Worship by HYPOCRISY Album review by Jahmeel Russell for Northern Transmissions

Nuclear Blast




After an eight-year wait, Hypocrisy returns with the follow-up to 2013s excellent End of Disclosure. Worship picks right up from where that album left off with crushing yet melodic death metal about aliens, black ops government, and conspiracies that have long been part of their lyrical subject matter.

Frontman Peter Tägtgren is a busy man. On top of being one of the most in-demand producers in Sweden, he has a successful solo project called Pain. Up until recently, he was also collaborating with Rammstein’s Till Lindemann on his Lindemann group. All this must contribute to the longer stretches between Hypocrisy records, but it also seems to have strengthened the material since 2005s Virus. The ability to express different sides on these projects seems to remove any compromise in the compositions. The addition of drummer Horgh, known for his work in Immortal, has contributed to this, bringing great intensity and precision to the drums.

Tägtgren produced Worship at his Abyss studio. Anyone familiar with his work on their past releases will immediately recognize the thick and powerful guitars, punchy drums, and ethereal keyboards. Longtime bassist Mikael Hedlund also has a great tone that helps fill out the low end nicely. Even though Tägtgren has utilized these sounds in other productions, they are firmly recognizable first and foremost as the sound of Hypocrisy. Tägtgren is a versatile vocalist, capable of deep growls, high-sustained shrieks, and melodic singing. Enabling them to experiment further with their approach than many of their peers and producing some stand-out tracks over the years utilizing a slower, sombre tone, expressed to the maximum on 1999’s Hypocrisy. I was also particularly fond of End of Disclosure, a strong record most bands would kill to make as their twelfth album. Worship compares to the more recent material but does manage to balance some of the melodic ideas and pace presented on the older albums. Here, Tägtgren sticks to his low growls for much of the 11 tracks, keeping the songs firmly on the death metal side. It’s a powerful juxtaposition to hear the melodies in this context. Chemical Whore is a definite highlight on the album, the guitar motif that introduces the vocal is particularly strong. Another Day channels 80s thrash but with that massive guitar tone set to pummel. Bug in the Net is another stand-out late in the album featuring beautiful and epic keys that bring in that feeling of doom and wrap around Tägtgren’s growls to super effect.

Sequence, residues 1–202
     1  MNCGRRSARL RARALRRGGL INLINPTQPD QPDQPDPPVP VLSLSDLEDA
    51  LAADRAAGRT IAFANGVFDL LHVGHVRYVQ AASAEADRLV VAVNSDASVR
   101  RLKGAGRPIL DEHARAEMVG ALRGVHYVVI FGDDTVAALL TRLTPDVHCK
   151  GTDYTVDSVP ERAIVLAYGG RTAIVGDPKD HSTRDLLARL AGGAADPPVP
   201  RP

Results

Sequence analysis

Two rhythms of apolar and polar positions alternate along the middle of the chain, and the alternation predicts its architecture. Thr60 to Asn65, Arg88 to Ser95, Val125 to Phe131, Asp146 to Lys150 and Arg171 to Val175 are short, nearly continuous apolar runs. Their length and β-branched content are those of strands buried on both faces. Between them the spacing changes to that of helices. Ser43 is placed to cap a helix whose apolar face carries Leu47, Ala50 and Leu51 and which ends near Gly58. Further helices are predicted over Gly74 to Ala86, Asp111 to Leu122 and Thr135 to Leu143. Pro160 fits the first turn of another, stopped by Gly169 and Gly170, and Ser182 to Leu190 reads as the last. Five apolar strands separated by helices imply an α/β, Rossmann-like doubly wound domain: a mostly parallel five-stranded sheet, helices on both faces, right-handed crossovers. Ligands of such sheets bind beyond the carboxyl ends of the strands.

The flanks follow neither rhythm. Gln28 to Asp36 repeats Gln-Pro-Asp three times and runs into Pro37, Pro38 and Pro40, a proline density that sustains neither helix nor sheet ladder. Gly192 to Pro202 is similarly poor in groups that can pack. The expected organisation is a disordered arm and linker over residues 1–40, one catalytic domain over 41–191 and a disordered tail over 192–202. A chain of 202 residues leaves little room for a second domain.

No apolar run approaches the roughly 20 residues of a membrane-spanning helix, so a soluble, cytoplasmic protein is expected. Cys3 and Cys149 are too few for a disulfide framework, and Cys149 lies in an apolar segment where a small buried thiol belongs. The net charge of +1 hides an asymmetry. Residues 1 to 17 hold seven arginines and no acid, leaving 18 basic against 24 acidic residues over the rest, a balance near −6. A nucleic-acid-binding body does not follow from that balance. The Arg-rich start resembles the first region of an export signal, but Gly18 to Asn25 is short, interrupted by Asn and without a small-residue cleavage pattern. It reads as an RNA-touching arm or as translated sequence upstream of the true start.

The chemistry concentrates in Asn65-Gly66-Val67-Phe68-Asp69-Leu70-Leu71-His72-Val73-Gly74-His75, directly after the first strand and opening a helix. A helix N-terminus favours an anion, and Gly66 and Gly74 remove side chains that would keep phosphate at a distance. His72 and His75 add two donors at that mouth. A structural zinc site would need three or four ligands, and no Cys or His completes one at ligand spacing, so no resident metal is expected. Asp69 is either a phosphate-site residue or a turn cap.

Hypocrisy in their 30th year remains a somewhat unsung band in death metal. They have always had their own sound and vision and rarely falter. Even with what I would consider a weaker period in their discography (2000-2004), they have always maintained a strong identity. I struggle to think of too many bands in this genre 30 years in still creating albums this good. Worship gets better the more I listen to it. Even if we have to wait eight years for another record, I imagine it will be worth the wait.

Pre-order Worship by Hypocrisy HERE